The list, which includes young entrepreneur and lifestyle YouTuber Zoe Sugg in 53rd position and fitness coach and author Joe Wicks in 60th, was determined using an algorithm created by digital trends platform CORQ. This algorithm scored influencers based on audience size, growth and engagement rate, as well as their social activity over time.

Men took the top four of the content creator ranking spots with Youtuber PewDiePie, real name Felix Kjellberg (11M subscribers on YouTube and counting), being named the most influential digital star in Britain. Coming in at number five, lifestyle blogger Saffron Barker (2 million subscribers on YouTube) is the most influential woman on the list.

Influencers, bloggers and vloggers with a solid fan-base are now able to command five-figure sums in exchange for brand investments. Over recent years, influencer marketing has been on the rise, with the digital influence market forecasted to be worth £8bn by 2020.

The top 25 most influential digital stars in Britain are:

1: Felix Kjellberg

YouTube Channel: PewDiePie

Subscribers: 101, 039, 359

What he does: talks about gaming

 

2: Olajide William Olatunji

Subscribers: 7,395,610

What he does: Rapper and professional boxer.

 

3: Craig Thompson

Subscribers: 5,743,326

What he does: Gaming

 

4: Billy Wingrove and Jeremy Lynch

Subscribers:10,641,232

What they do: Football freestylers

 

5: Saffron Barker

Subscribers: 2,187,330

What she does: Lifestyle blogger

 

6: Joe Sugg

Subscribers: 3,662,907

What he does: Entertainment

 

7: Chelsea Clarke

Subscribers: 244,894

What she does: Beauty blogger

 

8: Callum Leighton Airey

Subscribers: 3,146,776

What he does: Gaming

 

9: Joshua Bradley

Subscribers: 2,102,975

What he does: Gaming

 

10: Colin Furze

Subscribers: 8,427,123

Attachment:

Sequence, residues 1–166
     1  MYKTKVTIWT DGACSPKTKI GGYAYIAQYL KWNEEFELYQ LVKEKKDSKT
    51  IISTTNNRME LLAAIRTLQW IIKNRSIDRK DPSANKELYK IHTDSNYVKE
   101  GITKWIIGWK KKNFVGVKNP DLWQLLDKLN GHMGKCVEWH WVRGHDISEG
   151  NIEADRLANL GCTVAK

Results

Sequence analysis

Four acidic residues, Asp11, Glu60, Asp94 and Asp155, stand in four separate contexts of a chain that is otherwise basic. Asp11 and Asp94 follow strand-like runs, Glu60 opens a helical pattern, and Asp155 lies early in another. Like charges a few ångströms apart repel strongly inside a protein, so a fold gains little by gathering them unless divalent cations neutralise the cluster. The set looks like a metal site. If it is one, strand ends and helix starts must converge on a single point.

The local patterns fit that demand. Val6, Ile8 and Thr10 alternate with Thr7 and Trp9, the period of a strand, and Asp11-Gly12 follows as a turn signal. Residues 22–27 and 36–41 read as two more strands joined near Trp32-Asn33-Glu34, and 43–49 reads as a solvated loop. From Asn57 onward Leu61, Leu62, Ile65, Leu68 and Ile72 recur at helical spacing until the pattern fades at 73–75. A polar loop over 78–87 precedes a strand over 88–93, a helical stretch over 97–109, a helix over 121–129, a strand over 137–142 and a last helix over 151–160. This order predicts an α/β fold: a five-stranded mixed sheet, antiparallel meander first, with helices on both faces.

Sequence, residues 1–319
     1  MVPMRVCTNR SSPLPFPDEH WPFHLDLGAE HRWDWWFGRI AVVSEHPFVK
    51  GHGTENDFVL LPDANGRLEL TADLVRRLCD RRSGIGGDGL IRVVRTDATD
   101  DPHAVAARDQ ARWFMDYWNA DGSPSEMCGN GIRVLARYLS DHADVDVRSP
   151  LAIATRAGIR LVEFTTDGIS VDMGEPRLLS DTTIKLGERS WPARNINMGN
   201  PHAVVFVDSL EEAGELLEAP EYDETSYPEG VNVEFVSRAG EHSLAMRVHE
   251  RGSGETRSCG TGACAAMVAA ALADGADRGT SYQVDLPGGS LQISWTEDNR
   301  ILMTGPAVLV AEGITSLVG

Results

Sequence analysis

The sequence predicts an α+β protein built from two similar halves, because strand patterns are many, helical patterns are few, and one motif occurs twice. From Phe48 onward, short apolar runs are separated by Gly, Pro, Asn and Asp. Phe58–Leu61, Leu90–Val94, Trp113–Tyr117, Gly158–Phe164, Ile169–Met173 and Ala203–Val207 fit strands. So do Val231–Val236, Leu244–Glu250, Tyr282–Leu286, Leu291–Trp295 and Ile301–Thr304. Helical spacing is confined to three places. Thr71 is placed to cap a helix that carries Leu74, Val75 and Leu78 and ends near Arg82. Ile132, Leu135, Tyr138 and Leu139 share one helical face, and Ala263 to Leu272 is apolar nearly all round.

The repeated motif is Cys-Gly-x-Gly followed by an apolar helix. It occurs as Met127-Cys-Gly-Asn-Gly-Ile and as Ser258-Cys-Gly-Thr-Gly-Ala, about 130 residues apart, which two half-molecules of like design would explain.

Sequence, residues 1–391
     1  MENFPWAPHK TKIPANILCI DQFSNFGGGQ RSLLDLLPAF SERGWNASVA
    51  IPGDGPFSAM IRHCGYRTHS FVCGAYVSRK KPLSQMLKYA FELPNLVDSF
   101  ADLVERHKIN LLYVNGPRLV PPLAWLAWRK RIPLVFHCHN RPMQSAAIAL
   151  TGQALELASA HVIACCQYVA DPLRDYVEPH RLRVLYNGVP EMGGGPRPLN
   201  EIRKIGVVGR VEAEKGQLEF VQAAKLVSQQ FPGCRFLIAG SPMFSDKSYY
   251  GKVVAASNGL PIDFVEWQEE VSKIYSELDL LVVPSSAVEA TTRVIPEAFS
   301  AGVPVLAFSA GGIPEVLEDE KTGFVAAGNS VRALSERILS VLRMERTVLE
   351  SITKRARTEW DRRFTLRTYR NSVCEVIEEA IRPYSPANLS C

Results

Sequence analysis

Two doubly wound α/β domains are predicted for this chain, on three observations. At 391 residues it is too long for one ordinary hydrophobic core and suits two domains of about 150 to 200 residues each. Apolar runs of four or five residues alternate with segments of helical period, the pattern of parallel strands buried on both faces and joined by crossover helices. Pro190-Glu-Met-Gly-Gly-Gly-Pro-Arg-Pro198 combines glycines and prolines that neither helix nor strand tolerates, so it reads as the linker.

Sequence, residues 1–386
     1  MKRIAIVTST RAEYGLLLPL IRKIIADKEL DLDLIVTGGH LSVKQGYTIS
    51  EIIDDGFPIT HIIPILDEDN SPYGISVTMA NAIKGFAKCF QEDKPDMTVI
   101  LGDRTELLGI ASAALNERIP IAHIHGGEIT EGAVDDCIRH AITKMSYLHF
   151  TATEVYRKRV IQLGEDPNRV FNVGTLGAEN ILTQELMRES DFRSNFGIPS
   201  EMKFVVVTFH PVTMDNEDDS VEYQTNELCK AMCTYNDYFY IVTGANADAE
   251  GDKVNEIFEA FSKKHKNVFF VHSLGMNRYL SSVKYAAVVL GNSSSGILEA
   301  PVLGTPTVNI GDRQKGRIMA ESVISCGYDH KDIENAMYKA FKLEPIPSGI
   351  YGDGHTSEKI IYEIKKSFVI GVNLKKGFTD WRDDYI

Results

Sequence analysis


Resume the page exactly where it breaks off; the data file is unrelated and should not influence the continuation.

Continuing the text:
What he does: Entertainment

 

11: Alastair Alken

Subscribers: 16,520,959

What he does: Gaming

 

12: Patricia Bright

Subscribers: 2,804,914

What she does: Beauty blogger

 

13: The Saccone Jolys

Subscribers: 1,903,313

What they do: Family videos over 10 years

 

14: Theo Baker

Subscribers: 824,247

What he does: Football

 

15: Emmanuel John Brown

Subscribers: 1,557,521

What he does: Football

 

16: Jordan Lipscombe

Subscribers: 1,734,130

What she does: Beauty

17: Holly Boon

Subscribers: 675,374

What she does: Beauty

 

18: Gaz Oakley

Subscribers: 703,540

What he does: Vegan food content creator

 

19: Ling Khac Tang

Subscribers: 300,997

What she does: Beauty

 

20: Amelia Liana Sopher

Subscribers: 496,896

What she does: Lifestyle

 

21: Tamara Kalinic

Subscribers: 207,697

What she does: Beauty/Fashion

 

22: Safwan Ahmedmia

Subscribers: 1,377,673

What he does: Technology

 

23: Estee Lalonde

Subscribers: 1,174,388

What she does: Lifestyle vlogger

 

24: Sarah Turner

Subscribers: 885

What he does: Parenting content

 

25: The Ingham Family

Subscribers: 1,262,249

What they do: Parenting content

 

#InfluencerMarketing #topUKinfluencers #contentcreators #workingwithinfluencersq

Editor Picks

X